One of the most successful British R&B groups of all-time, Loose Ends hit the top of the US charts with the indelible “Hangin’ on a String.” The secret ingredient to their success across the pond was a Philly producer Nick Martinelli – and a wonderfully familiar drum pattern. At the 2006 Red Bull Music Academy in Melbourne, Loose Ends’ Carl McIntosh talked about the making of the classic song.
I wrote the song “Hangin’ on a String,” all the top lines and everything. But I was a bassist and when I turned up to the studio, my part was being replaced by a bass synth. It wasn’t something that was planned. It was just something that, when I got there, had already been decided. Faced with this situation, I had to adlib. So while the session went on I would play the piano in the corner and they would hear bits and pieces I was playing and say, “We need that on the record.” And then when they added that, I would play the guitar in the corner and they would say, “Hey, we need some of that on the record too.” That’s how I became a multi-instrumentalist. I was not going to go down!
Nick Martinelli was among the first generation of producers who were [also] DJs.
“Hangin On A String” was different to what had been done before. With a guy and a girl singing on the same record, normally that was a ballad format. But here we had a club record, even though it’s quite slow. At first it had different drums, but the song part of it was the same. Then we started to work with a gentleman named Nick Martinelli, who was a producer from Philadelphia.
Nick was a part of the new generation of what (at the time) we called remixers. He was a producer second to being a DJ, so he used some of the DJ knowledge to drive home the urban type of flavor that he wanted in the songs that he was making. Before that a producer was a musician. He was someone who could read music, someone who had done songs before. Nick was among the first generation of producers who were DJs.
There were some producers at the time that were from a band called The Time. Their names were Jimmy Jam and Terry Lewis. So what happened was, this producer Nick Martinelli, had taken this song, and he had told us to program a beat just like a song Jimmy Jam and Terry Lewis had done with S.O.S. Band. We literally copied the beat.
They used a drum machine called an 808. It’s fairly standard, but it breathes differently to most machines. The way it goes to the end of the bar and starts again is totally different. It sort of bubbles along rather than clicking like a normal metronome. So we basically programmed the song, and then we put the 808 underneath it. It came last, so it was like a marketing tool, if you like. Because I’d never seen anything like that before. Before that, we just wrote a song and put it out as it was. Someone would maybe remix it, but remixing would be like, “Add some tops, add some bongos.” It was totally different to now. That was probably the first time when I saw someone change the form of the song by just changing the beat.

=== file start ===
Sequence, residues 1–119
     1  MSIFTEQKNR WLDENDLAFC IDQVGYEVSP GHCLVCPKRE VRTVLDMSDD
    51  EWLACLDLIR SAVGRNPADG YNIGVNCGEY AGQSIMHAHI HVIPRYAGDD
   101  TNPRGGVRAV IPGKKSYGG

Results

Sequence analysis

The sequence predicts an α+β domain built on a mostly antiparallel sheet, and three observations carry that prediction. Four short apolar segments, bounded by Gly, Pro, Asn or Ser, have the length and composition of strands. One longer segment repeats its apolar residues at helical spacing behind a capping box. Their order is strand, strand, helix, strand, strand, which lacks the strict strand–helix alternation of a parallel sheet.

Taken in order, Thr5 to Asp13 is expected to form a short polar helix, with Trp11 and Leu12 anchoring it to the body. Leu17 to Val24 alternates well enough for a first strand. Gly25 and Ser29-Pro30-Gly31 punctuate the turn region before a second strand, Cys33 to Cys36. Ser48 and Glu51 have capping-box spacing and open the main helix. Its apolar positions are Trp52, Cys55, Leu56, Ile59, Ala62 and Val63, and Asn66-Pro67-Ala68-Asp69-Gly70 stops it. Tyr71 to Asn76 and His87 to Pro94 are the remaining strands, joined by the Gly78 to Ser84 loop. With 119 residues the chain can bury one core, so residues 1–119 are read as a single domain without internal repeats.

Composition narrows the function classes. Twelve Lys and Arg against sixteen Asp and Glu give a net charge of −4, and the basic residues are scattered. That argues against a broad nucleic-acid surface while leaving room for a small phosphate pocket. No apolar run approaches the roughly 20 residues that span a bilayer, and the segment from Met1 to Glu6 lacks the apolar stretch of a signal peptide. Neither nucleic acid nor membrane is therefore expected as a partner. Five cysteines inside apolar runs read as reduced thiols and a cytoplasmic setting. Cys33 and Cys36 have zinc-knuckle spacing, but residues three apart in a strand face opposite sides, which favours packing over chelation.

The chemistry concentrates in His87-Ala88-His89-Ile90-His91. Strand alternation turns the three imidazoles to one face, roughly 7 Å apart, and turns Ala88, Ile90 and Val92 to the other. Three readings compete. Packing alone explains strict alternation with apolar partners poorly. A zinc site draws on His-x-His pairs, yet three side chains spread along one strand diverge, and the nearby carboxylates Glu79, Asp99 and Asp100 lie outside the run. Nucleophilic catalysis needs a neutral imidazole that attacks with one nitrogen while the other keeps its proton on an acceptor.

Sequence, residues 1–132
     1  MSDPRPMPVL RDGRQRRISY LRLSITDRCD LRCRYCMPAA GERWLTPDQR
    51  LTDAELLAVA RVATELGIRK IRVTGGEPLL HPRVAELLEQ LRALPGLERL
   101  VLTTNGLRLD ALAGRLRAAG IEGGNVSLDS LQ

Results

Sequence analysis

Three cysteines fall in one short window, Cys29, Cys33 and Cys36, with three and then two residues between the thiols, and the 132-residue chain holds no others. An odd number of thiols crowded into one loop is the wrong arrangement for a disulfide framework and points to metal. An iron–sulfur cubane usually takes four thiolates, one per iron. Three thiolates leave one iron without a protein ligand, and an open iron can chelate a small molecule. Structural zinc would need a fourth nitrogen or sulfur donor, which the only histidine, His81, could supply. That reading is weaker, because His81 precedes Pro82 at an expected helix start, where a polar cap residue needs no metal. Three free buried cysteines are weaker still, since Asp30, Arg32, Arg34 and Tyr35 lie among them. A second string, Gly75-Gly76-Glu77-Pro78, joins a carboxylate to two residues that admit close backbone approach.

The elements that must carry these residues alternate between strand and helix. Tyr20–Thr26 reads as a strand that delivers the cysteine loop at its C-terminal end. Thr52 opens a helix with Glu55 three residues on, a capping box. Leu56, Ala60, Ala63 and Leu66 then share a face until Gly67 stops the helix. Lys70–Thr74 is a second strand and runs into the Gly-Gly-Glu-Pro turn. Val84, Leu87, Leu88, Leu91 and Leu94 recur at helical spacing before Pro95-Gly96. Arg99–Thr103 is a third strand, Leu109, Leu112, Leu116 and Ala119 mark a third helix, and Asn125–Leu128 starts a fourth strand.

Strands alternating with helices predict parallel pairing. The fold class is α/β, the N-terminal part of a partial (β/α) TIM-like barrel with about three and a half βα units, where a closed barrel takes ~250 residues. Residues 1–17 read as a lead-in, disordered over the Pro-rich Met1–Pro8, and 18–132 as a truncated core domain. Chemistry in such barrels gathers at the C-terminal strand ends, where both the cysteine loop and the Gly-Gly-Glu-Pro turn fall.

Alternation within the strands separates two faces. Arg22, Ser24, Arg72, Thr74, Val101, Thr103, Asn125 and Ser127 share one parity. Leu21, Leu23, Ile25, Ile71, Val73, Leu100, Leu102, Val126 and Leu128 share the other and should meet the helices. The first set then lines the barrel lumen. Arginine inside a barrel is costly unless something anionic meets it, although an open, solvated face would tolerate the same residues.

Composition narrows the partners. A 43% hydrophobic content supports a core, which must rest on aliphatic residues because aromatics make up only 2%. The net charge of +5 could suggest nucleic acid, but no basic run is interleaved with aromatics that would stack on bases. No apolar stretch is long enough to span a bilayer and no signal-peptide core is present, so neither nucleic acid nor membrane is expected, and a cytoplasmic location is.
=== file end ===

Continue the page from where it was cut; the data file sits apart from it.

A beat is a beat. It doesn’t really matter who does it – or how it came about.
Needless to say, it caused a lot of friction between Loose Ends and Jimmy Jam and Terry Lewis. We loved what they were doing, but, see, this was at the beginning of a new era. It was whatever you had at the time that you can add to your game. There was no copyright for that. A beat is a beat. It doesn’t really matter who does it – or how it came about. So the fact that we used the same beat... you couldn’t really say that we had stolen anything from them, even though it sounded like it.
The real creativity was what we put on top. I think it’s the same now. If you use a sample, I think what’s really important is what you do with it. If you just take their beat and you put it out, and you just say something silly over it – then fine, that’s them. But when you bring something to it, I think that that’s different. I think it was hard for them to see that. We were always under their shadow. We were looking up at them, like these are the guys that we want to work with. And when we did things like that, it was just us being like, “Please, work with us! Recognize us!”